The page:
Bet You A Nickel There's A Rate Cut
Which way is the wind blowing at the Federal Reserve? The stormy economic forecast that prompted back-to-back cuts in September and October seems to have brightened. Third-quarter gross domestic product, expected to grow only slowly, surged by 3.3%. Consumer spending grew at a solid 3.9% rate. Productivity was up 2.3%. Even Federal Reserve Chairman Alan Greenspan seemed to lighten up--noting on Nov. 5 that he saw "significant signs" that some abnormally large spreads in bond and debt rates were narrowing.
Still, don't write off the likelihood that the Fed will cut rates by an additional quarter point--bringing the federal funds rate down to 4.75%--before the end of the year. Despite the healthy economic data and revived stock indexes, Fed officials continue to worry that slowing U.S. factories, continuing distress overseas, and unsettled credit markets pose threats to next year's economy. Those factors, they contend, outweigh the risk of overstimulation. "With the economy slowing, I don't think very many people are worried about inflation at the moment," says Fed Vice-Chair Alice M. Rivlin.
So, if Greenspan asks for another cut at the Nov. 17 or Dec. 22 meetings of the Federal Open Market Committee (FOMC), the inflation hawks among the Fed's regional bank presidents are expected to go along so that the economy can have a soft landing in 1999. "They have room to move, and a small cut is cheap insurance," says Mark M. Zandi, chief economist of Regional Financial Associates Inc. in West Chester, Pa.
Why do Fed governors fret that the economy, which is showing surprising resilience now, could succumb next year? They point out that the third-quarter GDP figure included a sharp $57.2 billion buildup in inventories that will depress future production. During the quarter, earnings were down 4% over last year (see page 172). And while the 4.6% jobless rate is still near a 30-year low, consumer confidence is slipping as layoff announcements rise and job creation falls.
While the Fed is obliged to consider the U.S. economy first, Greenspan is also keeping an uneasy eye on the global economy. Brazil's currency has stopped plummeting while the nation works on economic reforms. That, notes one Fed governor, has instilled an "interesting sense of calm." But signs of trouble abound: Retail prices are falling in France and Germany, raising fears of deflation that would keep Europe from pulling its own weight in the global recovery. Asia remains mired in recession, and Japan's sputtering efforts to stimulate its economy offer little help. "The world may have stabilized some, but it still doesn't look good, and may not for a couple of years," says Rivlin.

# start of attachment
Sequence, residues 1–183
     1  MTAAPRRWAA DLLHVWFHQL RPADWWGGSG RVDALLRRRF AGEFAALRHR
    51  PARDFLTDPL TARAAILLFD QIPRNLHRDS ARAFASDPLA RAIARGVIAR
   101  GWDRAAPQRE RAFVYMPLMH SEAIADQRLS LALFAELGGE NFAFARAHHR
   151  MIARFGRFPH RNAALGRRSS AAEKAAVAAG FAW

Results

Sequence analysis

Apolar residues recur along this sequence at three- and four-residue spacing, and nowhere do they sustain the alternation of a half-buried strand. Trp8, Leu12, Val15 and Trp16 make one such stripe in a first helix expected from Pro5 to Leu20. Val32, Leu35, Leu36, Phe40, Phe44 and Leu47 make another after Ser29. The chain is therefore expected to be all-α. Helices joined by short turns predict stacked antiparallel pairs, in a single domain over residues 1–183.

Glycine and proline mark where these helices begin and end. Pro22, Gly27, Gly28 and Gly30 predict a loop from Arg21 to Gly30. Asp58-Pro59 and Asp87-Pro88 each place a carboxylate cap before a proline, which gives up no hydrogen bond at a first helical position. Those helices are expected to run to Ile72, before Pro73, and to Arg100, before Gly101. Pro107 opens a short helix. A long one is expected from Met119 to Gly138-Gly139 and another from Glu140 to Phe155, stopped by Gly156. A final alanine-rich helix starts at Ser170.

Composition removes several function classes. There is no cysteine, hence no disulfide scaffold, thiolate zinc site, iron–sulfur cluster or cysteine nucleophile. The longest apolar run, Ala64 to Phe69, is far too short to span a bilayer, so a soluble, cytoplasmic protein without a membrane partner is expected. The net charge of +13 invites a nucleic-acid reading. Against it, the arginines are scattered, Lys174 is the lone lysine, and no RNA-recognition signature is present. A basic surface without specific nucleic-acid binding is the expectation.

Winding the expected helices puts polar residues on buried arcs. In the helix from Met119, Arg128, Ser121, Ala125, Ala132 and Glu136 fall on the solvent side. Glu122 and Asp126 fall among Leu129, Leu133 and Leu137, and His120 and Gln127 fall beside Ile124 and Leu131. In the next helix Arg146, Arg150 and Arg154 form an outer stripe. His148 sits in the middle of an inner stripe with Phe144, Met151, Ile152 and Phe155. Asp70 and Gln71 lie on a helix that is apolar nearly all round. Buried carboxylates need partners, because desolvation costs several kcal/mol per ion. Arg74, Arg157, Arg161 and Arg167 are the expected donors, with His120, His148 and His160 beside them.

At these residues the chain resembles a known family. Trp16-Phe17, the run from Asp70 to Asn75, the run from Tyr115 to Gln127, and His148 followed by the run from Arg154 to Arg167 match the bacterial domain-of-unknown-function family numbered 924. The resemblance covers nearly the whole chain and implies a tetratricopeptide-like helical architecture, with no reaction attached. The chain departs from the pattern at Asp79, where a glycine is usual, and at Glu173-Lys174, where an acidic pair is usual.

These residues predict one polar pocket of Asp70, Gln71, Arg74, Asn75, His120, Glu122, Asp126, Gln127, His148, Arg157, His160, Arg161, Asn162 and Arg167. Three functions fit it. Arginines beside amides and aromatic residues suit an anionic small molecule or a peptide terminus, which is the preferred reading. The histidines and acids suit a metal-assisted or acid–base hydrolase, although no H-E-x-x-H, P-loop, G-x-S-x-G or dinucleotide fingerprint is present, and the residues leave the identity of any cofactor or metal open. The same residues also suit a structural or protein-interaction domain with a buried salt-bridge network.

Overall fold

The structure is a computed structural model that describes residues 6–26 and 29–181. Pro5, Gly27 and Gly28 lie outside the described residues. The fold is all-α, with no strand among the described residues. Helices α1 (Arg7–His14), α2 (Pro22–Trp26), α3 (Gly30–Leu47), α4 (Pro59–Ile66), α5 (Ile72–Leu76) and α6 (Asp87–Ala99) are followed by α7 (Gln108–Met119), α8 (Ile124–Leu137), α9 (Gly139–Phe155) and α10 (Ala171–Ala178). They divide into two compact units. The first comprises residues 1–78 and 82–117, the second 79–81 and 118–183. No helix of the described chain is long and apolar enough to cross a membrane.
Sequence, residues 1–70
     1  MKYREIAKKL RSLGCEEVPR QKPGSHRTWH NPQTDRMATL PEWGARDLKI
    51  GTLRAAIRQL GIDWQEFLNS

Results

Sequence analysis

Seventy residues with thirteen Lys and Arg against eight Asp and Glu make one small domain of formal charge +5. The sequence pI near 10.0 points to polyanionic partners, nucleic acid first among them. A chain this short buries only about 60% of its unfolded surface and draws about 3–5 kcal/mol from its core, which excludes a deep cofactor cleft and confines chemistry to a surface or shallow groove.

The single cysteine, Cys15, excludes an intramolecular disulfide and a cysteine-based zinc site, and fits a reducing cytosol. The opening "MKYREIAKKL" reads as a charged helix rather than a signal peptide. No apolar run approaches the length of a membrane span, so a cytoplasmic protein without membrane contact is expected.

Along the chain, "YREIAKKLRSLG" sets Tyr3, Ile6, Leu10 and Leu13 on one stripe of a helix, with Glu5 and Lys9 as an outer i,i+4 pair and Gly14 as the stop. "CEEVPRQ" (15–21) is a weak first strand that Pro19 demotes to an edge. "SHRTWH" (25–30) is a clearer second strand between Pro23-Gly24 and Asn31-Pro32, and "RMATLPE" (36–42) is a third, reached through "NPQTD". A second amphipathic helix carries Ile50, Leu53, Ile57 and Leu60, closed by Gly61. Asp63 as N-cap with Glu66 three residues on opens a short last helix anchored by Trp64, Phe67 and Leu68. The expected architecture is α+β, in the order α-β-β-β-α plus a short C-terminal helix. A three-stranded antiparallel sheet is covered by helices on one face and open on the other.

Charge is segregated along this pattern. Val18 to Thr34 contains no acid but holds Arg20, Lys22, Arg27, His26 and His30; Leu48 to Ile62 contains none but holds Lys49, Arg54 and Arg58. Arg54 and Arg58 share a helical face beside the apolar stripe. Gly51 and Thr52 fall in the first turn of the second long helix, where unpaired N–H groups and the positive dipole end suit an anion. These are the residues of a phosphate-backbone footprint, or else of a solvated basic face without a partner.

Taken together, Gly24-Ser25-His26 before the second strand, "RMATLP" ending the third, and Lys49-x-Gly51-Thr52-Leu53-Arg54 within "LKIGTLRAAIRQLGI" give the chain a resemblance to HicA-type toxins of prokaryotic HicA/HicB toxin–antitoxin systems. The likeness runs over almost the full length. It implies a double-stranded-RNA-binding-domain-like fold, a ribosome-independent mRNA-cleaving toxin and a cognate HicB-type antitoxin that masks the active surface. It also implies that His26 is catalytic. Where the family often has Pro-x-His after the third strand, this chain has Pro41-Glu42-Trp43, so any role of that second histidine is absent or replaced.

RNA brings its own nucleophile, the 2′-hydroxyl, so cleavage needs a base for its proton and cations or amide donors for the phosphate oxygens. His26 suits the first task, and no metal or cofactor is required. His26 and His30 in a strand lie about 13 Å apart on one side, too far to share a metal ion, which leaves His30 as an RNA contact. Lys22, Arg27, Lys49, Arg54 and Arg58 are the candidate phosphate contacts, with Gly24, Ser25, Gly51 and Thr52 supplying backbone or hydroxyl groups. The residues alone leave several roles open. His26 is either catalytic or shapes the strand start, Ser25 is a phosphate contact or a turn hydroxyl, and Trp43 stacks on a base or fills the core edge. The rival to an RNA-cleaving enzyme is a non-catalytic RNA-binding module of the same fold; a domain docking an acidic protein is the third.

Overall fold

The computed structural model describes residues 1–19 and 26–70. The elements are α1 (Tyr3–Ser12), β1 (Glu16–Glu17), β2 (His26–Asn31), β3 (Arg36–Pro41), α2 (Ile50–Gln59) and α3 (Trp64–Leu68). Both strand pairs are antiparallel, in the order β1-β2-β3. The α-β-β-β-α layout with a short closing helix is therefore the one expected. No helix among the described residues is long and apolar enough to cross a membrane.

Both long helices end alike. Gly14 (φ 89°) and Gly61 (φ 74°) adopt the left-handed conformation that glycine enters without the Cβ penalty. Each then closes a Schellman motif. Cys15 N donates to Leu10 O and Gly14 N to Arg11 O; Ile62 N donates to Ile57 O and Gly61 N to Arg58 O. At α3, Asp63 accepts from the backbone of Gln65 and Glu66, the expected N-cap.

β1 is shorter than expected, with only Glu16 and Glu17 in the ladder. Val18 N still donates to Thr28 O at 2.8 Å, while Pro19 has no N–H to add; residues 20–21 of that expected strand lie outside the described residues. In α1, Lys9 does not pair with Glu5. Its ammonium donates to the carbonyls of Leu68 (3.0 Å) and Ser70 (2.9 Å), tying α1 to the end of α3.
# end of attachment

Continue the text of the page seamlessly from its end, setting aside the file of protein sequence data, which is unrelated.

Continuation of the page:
VULNERABLE. Finally, schizoid U.S. financial markets have put the central bankers on heightened alert. Fed officials warn that spreads in credit markets are still too wide. They also worry that the recent resurgence in the stock market has carried share prices back into the overvalued range, making the market vulnerable to shocks such as more bad news in emerging economies.
To be sure, not all central bankers buy into the gloomy outlook. A top official at a regional Fed bank dismisses slowdown warnings as "more evidence of the marvelous self-correcting economy" that doesn't require a Fed boost. And monetarists, like Cleveland Fed President Jerry L. Jordan and St. Louis Fed President William Poole, are alarmed that the money supply's rapid growth will fuel inflation. So, the Nov. 17 FOMC session promises to be lively.
In the end, however, Greenspan is going to get what he wants. And given the current reading of the economy by Fed officials, the preemptive-strike strategy that Greenspan has perfected since 1994 seems to call for action sooner rather than later.